NEW YORK - A fire at a mosque in Southern California on Friday appears to have been intentionally set, authorities say, and has prompted condemnations and alarm among Muslims  across the United States.

The fire at the Islamic Society of the Coachella Valley mosque is one of several incidents over the past week that officials are investigating as possible backlashes to the San Bernardino mass shooting that killed 14 people and injured 21 others.

Late Friday, authorities said they had detained someone but released no additional details. “A person of interest” was identified, located and detained, pending further investigation, the sheriff’s department said in a statement. Supervisor said he was alarmed that the mosque may have been targeted.

for religious reasons. “It’s horribly lamentable that we would paint any group as undesirables based on the actions of an extremely small number of radical folks that don’t represent the religion in any way,” he said. “If in fact it was done with the mosque as a target. It’s reprehensible, and the people who perpetrated that act should be treated the way we would any other terrorist.”Last year, a shot was fired into the same mosque; no one was hurt. That incident was investigated as a possible hate crime.

The Sheriff’s Department “believes this is an intentional act and we are using all available resources to follow up on any leads that are brought to our attention,” Deputy Armando Munoz, a department spokesman, said in a statement Friday evening. “California Fire and the Bureau of Alcohol, Tobacco, Firearms and Explosives are assisting us with this investigation.” People at the mosque described hearing a “loud boom” and seeing flames, said Reymundo Nour, the mosque’s acting imam, who was not on the site at the time. He said the mosque had been “firebombed.” But Worshipers remained undaunted, and held prayers outside of the mosque anyway.

The mosque is about 75 miles from San Bernardino, where last week a couple who federal officials say were inspired by Islamist extremists. Some Muslims in Southern California and beyond have worried about the potential for reprisals, while leaders of various faiths have called for tolerance. In a statement released Friday evening, U.S. Congressman Raul Ruiz, whose district includes the area in which the mosque is located, called on authorities to investigate the blaze as a possible hate crime.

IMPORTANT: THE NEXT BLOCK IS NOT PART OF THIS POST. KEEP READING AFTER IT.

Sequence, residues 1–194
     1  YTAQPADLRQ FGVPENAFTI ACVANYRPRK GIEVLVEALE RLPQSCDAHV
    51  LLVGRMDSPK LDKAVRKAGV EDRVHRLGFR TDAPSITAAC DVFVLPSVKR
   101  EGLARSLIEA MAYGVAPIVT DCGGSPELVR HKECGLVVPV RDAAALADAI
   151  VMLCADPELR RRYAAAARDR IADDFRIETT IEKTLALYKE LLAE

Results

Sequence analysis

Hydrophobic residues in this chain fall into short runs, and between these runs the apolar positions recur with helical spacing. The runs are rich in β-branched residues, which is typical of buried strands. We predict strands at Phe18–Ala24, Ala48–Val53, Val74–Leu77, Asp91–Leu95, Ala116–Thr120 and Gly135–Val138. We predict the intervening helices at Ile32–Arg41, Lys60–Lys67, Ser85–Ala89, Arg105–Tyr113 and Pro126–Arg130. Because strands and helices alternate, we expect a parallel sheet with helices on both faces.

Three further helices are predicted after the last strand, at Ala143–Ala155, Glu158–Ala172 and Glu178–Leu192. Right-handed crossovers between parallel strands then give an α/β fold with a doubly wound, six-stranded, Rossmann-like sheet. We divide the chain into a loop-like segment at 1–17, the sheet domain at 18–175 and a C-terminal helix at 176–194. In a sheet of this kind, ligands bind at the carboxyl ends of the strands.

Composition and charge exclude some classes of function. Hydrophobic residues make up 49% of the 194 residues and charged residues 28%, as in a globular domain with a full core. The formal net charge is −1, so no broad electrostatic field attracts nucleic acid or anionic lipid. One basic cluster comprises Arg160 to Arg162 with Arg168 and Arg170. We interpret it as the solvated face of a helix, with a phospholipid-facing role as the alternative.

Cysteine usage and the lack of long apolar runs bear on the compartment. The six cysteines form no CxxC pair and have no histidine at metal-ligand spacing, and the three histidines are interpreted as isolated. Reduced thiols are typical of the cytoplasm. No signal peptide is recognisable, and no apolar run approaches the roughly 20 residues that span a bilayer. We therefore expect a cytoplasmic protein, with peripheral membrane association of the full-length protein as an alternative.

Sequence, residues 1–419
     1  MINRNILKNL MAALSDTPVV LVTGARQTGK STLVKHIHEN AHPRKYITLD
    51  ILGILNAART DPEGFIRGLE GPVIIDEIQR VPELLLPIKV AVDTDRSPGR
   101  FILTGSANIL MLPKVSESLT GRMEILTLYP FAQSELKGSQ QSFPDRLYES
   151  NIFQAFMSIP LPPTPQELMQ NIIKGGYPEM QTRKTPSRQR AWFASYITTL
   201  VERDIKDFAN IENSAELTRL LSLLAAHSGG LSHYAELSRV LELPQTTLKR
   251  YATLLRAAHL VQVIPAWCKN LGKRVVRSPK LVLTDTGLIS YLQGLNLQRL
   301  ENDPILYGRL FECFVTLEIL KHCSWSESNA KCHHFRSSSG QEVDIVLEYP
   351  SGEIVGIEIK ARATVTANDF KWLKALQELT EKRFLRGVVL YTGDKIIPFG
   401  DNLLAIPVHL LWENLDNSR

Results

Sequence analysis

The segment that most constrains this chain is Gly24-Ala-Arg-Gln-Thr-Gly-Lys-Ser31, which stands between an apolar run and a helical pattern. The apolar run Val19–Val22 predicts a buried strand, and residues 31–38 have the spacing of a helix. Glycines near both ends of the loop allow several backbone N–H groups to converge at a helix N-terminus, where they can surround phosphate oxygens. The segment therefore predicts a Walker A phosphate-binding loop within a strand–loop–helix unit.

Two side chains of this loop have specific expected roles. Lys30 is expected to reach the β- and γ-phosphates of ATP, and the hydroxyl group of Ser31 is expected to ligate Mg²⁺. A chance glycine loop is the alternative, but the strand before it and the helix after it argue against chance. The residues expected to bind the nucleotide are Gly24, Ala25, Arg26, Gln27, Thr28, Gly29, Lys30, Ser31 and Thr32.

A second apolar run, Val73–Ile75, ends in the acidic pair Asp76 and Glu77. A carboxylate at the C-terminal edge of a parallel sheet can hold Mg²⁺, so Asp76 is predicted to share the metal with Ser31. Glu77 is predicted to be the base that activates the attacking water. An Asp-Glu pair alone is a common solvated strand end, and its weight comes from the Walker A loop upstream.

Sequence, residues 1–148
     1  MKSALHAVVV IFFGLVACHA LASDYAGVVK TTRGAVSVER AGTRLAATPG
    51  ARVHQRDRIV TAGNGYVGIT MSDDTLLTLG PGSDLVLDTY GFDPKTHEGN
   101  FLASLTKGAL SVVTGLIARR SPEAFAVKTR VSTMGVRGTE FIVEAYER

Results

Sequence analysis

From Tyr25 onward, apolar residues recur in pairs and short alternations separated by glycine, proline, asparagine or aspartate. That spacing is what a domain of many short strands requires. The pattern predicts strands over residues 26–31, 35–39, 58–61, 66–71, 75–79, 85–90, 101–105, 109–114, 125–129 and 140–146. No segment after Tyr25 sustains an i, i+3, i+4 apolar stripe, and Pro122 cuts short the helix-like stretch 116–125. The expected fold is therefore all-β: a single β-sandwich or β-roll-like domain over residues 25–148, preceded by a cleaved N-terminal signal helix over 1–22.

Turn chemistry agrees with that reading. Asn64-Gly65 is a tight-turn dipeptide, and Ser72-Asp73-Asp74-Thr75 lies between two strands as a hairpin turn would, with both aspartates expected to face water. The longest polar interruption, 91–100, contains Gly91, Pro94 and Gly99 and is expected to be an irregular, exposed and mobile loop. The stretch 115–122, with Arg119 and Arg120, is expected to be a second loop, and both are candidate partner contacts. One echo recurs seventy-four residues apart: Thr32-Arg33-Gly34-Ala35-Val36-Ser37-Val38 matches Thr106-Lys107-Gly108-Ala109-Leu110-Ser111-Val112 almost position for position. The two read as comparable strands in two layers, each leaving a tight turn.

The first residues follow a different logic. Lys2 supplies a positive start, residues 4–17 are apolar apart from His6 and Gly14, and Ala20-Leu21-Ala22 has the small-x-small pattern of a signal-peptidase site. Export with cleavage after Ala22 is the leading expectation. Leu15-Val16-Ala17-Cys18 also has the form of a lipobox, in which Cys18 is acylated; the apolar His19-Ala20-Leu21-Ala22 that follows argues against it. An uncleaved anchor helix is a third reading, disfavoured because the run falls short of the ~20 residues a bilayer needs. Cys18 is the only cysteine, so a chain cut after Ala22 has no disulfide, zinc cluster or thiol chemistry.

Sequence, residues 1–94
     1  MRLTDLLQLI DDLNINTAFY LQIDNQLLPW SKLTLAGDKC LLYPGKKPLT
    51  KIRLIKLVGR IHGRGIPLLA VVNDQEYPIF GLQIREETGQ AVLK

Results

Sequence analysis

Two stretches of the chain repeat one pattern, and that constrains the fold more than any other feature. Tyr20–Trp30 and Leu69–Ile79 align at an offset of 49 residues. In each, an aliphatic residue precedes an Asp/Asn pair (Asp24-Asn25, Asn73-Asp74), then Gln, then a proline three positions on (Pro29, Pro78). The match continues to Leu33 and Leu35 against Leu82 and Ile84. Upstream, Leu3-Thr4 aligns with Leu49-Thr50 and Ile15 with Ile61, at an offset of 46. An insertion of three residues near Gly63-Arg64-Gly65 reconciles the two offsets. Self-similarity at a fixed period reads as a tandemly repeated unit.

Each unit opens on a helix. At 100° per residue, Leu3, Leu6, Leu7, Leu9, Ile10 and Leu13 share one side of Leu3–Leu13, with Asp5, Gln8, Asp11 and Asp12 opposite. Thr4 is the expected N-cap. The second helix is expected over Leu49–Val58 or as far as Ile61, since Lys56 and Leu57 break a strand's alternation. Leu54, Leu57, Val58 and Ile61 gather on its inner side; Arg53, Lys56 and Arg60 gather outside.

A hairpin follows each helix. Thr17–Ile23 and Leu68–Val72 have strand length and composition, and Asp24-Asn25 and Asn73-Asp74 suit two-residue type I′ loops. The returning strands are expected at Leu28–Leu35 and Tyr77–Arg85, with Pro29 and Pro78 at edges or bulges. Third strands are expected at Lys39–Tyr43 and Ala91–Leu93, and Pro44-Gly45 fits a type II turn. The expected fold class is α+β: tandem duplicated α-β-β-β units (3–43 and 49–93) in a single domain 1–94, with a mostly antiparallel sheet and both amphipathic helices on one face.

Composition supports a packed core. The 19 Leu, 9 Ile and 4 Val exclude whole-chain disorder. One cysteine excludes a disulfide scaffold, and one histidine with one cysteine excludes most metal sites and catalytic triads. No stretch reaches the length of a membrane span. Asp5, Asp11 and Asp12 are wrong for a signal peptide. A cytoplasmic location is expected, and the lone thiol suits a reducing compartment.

“Our faith in humanity will not be intimidated,” he said. “And we stand together against any form violence towards the innocent.”County and city officials also condemned the attack. “We see this as a cowardly act of vandalism that we not tolerate in our community,” Coachella Mayor Steven Hernandez said. The mosque was hit by gunfire in November 2014 in what authorities investigated as a possible hate crime. No one was injured in the early morning incident. The case remains under investigation, and no arrests have been made.

Meanwhile, former Maryland Governor Martin O’Malley became the first 2016 presidential candidate to visit a mosque while on the campaign trail. O’Malley, who is seeking the Democratic nomination, addressed Muslim-Americans at the All Dulles Area Muslim Society (ADAMS) Center Mosque in Sterling, Virginia. on Friday.    During his speech, O’Malley expressed a message of solidarity, saying that the recent terror attacks carried out by Muslims don’t reflect on the community as a whole. “In these times, I suppose — where fear and division is in the air, it is easy for unscrupulous politicians or hate preachers — no nation is immune from the scourge of hate preachers — to turn us upon ourselves.  But that sort of language that you hear from Donald Trump is not the language of America’s future,” O’Malley said.

“I know the language of America’s future.  I speak to our young people under 30 every day, and I rarely find among them any who feel like Donald Trump.”   O’Malley said he knows that the nation’s young people understand that the tragic murders that took place in San Bernardino, California,  don’t define Islam “any more than that horrible murder that took place in Charleston defines Christianity.”    “The world has never needed America to act like America more than right now,” O’Malley said. “To appreciate that we’re all in this together — that each of us a dignity and a freedom and a calling.  

And that each person is needed.” Republican presidential candidate Donald Trump has come under fire for suggesting that all Muslims who are not U.S. citizens should be temporarily banned from entering the country.    Though some of his rival Republicans have criticized Trump’s position, none have discounted him as a potential nominee in their party. And while the leading Democratic candidates, former secretary of State Hillary Clinton and senator Bernie Sanders, condemned his proposal, neither has held an event with the Muslim community since violence in San Bernadino.